This week’s Art Journal Adventure prompt was to take inspiration from mythology, folk stories, and fairy tales. If you are thinking to yourself that the prompt seems right up my street that is because it is. Precisely so in fact. That is because I was asked by Bonnie and Barbara to be a guest artist this week. I was flattered and honoured to do so and, of course, that meant it was up to me to choose the prompt. You can find my post on the Joggles blog here and that outlines my process, illustrated with photos, in creating this art journal page.
I chose a selkie as the subject of my art journal page. Selkies are creatures from my country’s mythology (and that of Ireland) and I grew up hearing tales of seals that could transform into people, of stolen seal skins, and wives who fled back to the sea. I draw them quite often and have featured art work inspired by them twice on my blogs: once as a mixed media painting of a selkie in seal form and once in my altered book of monsters. I think this is my favourite of the mixed media selkies I have painted so far.
This week’s Art Journal Adventure prompt was “water”. I do enjoy prompts that are as vague and open as that as it allows my mind to dance among many possibilities until I find the one that sparks with me. I decided to paint an illustration of a whale using watercolour. I love whales and often draw whales, even as doodles on pieces of scrap paper or the bottom of shopping lists. My challenge for this whale was to work really loosely (well, by my standards anyway) with the watercolour and to have the bare minimum of a guideline sketch. I sprinkled on some salt hoping to create a sort of barnacle effect. The white space was just too boring around the whale so I added some spatter. And that was when things really went wrong.
The alternative title to this blog post is ‘Arting with Cats’. My art table is set up in a corner of the kitchen that has large windows on two sides. It is flooded with light which makes it perfect as an art space but it means it also attracts the cats who, being cats, like to bask in the warmth of the sun and who share my interest in watching the birds visit the feeder outside the window. As such, the cats commandeered my art table. We reached a compromise whereby they now have just under half of the table – their cat bed indicating which is their territory – and I have the rest of it. I stick to my side of the bargain. Do they? Of course not. They are cats. Many is the time that they have padded across my art work or have knocked – deliberately! – boxes of pencils or paint sets off the table. When annoyed that I have not fed him earlier than usual, Satchi sits on my art table and picks up my paintbrushes in his mouth, one by one, and drops them onto the floor. On this occassion, I had just gotten up from the table to clean my brushes when Satchi plonked himself right in front of my art journal and swished his huge, fluffy tail right across the page. He thankfully did not manage to do much damage to the whale itself, as it was almost bone dry, but the spatter dots smeared and smudged. Ugh. Had it been anything other than my art journal, I would have been very annoyed and frustrated. However, my art journal is for experiments, some of which go wrong. This page, therefore, becomes another record of what goes wrong when one attempts arting with cats.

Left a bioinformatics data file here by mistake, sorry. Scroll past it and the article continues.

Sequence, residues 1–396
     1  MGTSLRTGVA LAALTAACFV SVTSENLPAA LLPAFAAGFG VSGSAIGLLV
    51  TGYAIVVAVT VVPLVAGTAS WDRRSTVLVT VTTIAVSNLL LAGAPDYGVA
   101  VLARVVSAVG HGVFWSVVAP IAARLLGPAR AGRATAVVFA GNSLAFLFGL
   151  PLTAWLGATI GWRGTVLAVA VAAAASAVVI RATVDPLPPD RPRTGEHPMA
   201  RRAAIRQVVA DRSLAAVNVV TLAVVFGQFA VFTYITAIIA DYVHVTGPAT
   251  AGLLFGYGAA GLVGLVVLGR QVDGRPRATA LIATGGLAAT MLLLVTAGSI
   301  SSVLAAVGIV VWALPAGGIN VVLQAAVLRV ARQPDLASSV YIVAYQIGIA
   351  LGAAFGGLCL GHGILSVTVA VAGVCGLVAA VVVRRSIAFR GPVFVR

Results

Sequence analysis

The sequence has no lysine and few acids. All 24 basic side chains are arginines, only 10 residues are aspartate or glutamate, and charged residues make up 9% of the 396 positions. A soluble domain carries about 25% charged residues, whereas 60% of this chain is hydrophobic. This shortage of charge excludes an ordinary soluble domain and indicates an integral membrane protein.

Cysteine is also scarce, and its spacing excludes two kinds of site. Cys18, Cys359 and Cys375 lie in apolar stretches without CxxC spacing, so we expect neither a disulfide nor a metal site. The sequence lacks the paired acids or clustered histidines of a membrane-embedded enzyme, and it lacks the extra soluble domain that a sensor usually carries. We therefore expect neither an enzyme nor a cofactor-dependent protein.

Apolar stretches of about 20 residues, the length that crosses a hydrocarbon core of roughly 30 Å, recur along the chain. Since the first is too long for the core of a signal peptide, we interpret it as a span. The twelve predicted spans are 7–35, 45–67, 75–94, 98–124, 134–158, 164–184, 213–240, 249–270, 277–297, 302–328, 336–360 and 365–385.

As someone who is really into illustration, I very much struggle with creating abstract art. That was precisely why I pushed myself to actually do this week’s Life Book lesson, which was taken by Jodi Ohl. I find that I now enjoy the process of working in an abstract method, of layering and mark-making, of using colour and texture rather than shape and form. However, because I have no real feel or instinct for it, I never know when I am “done” with a piece. My impulse is to add some sort of representational element to provide the piece with a focal point but often, when I have done so, I regret it because it doesn’t cohere. I worked on this piece gradually over the course of three days, adding bits and pieces whenever time was available to do so. Each time I returned to my art table to work on it, I had a sense that it needed more and had an idea of what to add – some dribble here, a few marks there – but then I reached a point where I didn’t know what to add. Did that mean it was complete? Or did it simply mean that my well of inspiration had run dry for this piece? Or was I just fed up of working on this piece and wanting to move on to something new? Any or all of the above? I decided this piece was done. Maybe I will circle back to it at some point and add something; probably I won’t.